Additionally, it’s easier to hold other individuals accountable when key leaders and decision-makers provide their buy-in on the cyber security program. They need to be involved and engaged in the program analysis and development process and hold themselves accountable as well.
5. Measure Program Metrics and Share Results
You’ll find that unlike other areas of IT, it’s often hard to show ROI for the resources you need to implement for a cyber security program. It’s not like putting together a business case for buying hardware or software. You’ll have to identify measurements for as many aspects of the program as you can and share that information with stakeholders frequently.
In addition, the types of metrics you share with business leaders should be reframed so they understand that building a cyber security program isn’t a cure-all for preventing attacks. Attacks will happen, but the ability to quickly contain those attacks is the measuring stick. As Alex Blau from Harvard Business Review stated, “Having the wrong mental model about what a cyber security program is supposed to do can be the difference between a thwarted attack and a significant breach.”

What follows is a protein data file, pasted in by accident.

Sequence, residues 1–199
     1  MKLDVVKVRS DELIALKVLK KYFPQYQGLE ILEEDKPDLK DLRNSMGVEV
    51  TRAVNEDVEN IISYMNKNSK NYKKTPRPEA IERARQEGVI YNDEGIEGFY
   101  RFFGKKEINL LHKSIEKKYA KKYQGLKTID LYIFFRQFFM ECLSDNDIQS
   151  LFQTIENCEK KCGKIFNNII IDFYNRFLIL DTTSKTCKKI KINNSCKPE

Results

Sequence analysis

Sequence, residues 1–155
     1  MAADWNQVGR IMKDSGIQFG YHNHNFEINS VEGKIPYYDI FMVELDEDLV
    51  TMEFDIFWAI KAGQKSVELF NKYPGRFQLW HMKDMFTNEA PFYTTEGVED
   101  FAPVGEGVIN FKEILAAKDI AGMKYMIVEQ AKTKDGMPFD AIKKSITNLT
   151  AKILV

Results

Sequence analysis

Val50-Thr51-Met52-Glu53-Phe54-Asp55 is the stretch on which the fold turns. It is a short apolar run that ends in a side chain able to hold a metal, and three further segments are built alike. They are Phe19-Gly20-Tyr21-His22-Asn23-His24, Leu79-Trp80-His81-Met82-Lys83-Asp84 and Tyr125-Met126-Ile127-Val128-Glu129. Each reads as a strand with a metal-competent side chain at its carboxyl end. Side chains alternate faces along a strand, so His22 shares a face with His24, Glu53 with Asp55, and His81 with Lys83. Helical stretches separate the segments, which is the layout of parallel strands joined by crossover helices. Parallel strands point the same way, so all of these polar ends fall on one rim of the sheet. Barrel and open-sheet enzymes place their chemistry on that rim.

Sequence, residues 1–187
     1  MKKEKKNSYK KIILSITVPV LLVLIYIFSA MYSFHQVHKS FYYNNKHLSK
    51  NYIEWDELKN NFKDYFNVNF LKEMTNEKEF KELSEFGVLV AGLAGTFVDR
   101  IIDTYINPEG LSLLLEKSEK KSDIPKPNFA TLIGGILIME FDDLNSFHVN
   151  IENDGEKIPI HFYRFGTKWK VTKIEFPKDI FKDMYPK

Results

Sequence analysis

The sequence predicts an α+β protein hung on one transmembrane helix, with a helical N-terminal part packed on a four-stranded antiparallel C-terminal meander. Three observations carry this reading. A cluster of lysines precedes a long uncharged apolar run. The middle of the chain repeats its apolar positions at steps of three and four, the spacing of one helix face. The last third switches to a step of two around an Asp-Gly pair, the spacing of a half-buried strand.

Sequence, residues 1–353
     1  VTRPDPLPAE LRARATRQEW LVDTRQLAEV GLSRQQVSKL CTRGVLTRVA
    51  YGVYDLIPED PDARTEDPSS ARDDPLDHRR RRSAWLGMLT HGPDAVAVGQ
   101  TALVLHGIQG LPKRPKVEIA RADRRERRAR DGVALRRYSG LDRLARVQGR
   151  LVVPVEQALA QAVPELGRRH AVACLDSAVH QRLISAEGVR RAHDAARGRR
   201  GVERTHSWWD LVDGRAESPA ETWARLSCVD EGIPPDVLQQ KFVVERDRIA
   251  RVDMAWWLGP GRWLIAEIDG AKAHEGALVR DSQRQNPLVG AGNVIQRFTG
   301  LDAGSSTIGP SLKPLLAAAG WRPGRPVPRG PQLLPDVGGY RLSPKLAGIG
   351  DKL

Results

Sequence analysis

Given that the average total cost of a data breach clocks in at around $3.92 million, this is something you can’t afford to ignore.
Implementing a cyber security program is a challenging process, but if you follow these tips, you can cut down on some of the uncertainty. This can help you when you’re trying to prioritize the policies, procedures, and controls that are most critical to your industry and organization. If you’re struggling with finding the resources in house to develop a strategy or manage the day-to-day complexity of juggling your cloud, network, and endpoint security, consider a third-party consulting or managed security services provider (MSSP) that can help you share the burden and ease the load.